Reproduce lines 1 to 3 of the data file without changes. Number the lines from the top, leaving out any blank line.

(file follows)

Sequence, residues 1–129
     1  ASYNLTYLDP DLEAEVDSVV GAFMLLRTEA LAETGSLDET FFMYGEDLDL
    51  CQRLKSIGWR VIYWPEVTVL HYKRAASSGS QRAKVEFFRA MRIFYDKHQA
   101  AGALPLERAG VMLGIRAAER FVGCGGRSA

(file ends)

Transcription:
Sequence, residues 1–129
     1  ASYNLTYLDP DLEAEVDSVV GAFMLLRTEA LAETGSLDET FFMYGEDLDL
    51  CQRLKSIGWR VIYWPEVTVL HYKRAASSGS QRAKVEFFRA MRIFYDKHQA